I know that the xmas before I had the twins that I was just happy to be on the other side of 33 weeks, and when they came in Jan. I was so happy, but sad too. I’m sad even today, because IF gives you such a crappy hand that happiness always seems like the “WRONG” feeling. Like the shoe will drop if you allow it in.
    I understand and wish you less of it.
    HUGS 🙂

  3. Interesting thoughts and musings, as always KateDaphne. I wish I had more insightful things to say, but you seem to have such a great grip on this.

  4. I read this back shortly after you wrote it. But my internet time has been so limited that I didn’t take time to comment. I guess I just want to say that in the recent past I have had a softer heart toward secondary IF gals myself. I like to think of it as personal growth. Maybe we can have an enlightened club or something? 😉

  5. Kate, I can’t even tell you how much this post hit home for me tonight…was thinking about infertility all day for some reason (it’s been a while since I let it dictate my emotions all day). You know our situations are different, but there is something about not getting knocked up the old fashioned way like the rest of society and feeling “normal” ever again. Twins or not, it still makes you feel a bit broken and angry. When will it ever stop? Menopause? Not sure what the answer is there, but I feel you this eve all the way on the west coast and hope that you find some comfort in those sweet baby miracles of yours. Mine are making excuses to get out of bed as we speak and as I type I have a glimpse of relief from the infertility monster that haunts me!! Love ya, gotta go on that note! xoxoxo A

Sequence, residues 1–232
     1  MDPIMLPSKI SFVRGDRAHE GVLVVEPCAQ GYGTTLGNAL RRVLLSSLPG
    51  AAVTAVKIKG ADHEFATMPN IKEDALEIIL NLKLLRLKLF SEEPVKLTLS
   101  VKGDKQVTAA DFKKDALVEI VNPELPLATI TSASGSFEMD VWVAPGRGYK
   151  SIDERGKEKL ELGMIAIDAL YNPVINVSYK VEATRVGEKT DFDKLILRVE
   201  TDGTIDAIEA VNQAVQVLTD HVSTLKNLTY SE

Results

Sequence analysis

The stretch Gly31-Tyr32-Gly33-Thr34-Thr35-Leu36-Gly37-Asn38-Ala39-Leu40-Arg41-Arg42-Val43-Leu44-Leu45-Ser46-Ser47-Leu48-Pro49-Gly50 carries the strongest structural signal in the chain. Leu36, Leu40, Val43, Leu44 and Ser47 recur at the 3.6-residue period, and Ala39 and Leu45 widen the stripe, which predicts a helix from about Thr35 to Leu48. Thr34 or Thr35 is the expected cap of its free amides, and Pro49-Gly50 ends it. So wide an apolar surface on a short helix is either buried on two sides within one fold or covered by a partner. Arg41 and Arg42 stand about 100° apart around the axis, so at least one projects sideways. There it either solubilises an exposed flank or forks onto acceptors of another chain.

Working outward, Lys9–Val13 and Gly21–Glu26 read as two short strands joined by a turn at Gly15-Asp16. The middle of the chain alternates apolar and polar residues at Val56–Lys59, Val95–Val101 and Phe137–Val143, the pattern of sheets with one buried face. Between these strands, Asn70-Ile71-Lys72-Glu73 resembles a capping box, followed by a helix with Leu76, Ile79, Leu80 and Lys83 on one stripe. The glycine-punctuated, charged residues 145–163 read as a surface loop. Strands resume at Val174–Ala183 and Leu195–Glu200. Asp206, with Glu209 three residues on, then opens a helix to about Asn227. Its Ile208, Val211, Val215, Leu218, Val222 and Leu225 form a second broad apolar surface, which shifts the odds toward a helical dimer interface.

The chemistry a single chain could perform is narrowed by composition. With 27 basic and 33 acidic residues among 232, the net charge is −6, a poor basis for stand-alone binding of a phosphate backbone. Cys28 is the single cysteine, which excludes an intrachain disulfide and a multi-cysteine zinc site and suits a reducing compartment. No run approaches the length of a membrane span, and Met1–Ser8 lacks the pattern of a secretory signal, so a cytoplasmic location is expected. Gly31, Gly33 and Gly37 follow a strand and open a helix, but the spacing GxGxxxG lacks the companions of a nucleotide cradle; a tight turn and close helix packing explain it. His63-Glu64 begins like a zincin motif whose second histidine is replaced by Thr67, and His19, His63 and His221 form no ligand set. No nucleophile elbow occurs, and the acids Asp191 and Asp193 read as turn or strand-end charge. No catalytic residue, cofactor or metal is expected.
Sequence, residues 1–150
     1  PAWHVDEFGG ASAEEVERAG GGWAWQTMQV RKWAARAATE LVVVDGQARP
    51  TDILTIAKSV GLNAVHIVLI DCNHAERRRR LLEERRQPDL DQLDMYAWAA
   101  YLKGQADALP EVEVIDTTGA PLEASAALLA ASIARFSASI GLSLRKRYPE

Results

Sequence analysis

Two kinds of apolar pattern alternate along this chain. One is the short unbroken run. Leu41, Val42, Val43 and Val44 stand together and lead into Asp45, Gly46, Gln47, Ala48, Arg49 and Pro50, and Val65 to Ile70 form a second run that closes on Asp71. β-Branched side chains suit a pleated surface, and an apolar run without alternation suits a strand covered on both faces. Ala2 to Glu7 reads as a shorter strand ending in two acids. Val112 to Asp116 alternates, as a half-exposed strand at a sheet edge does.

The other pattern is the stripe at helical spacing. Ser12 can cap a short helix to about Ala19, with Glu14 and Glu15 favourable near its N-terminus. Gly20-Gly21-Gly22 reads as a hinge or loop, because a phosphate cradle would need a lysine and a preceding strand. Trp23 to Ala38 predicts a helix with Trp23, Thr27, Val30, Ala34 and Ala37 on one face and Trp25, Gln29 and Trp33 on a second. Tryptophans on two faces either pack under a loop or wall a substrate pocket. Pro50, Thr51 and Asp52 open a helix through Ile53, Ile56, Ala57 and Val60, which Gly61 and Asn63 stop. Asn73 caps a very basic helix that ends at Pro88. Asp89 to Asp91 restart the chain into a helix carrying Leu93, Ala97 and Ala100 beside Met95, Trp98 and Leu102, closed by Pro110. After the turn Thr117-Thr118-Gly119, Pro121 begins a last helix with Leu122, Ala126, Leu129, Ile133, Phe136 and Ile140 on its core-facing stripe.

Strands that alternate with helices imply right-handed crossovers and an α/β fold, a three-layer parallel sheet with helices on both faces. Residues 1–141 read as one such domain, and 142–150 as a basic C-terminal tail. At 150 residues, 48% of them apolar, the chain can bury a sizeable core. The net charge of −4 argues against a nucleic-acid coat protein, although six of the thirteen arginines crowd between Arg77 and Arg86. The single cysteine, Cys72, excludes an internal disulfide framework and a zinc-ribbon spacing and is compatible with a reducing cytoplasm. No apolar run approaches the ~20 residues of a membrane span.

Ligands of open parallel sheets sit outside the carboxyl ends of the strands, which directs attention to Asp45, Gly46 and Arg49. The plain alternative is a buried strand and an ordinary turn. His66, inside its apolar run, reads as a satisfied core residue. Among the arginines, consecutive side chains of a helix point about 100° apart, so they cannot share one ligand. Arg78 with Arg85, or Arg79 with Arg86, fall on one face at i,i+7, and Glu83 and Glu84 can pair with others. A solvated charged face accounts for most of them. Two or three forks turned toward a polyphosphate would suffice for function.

6. Screw enlightenment! If anyone thinks secondary is as bad as primary didn’t really suffer the first time around.

    Of course it is sad and maybe the initial result of a BFN or miscarriage is the same, but the overall picture just isn’t.

    If Ernest had lived and we had as much trouble having the second as we did having LB I probably would have said secondary IF was worse. I never really even thought of myself as infertile back then – just “having a bit of trouble” so I appreciate it is all in the mind of the beholder.

    Mostly I am very sorry you didn’t have both your babies home for Christmas.

  7. I don’t know how you’re doing it. I will say a prayer for your baby to be well soon and for you to have the peace you deserve.

    T

  8. Hi! My friend Kelley McDonald suggested I read your articles and blog after finding out I’ve been battling IF. This post just hit home for me. Last Christmas day, I went in for an egg retrieval to have nothing. We were so optimistic and so damn naive. What made it even harder was living overseas in Japan so far away from family and close friends. My husband wrote a short story about it called The Lost Noel that I discovered later and it just about broke my heart – as did this. But you have a happy ending and that’s what keeps me going – we are not giving up and are hoping for our happy ending. We are back in the USA and are researching clinics and hope to start TTC with the help of science again after the new year. Thank you for sharing your story… it helps 🙂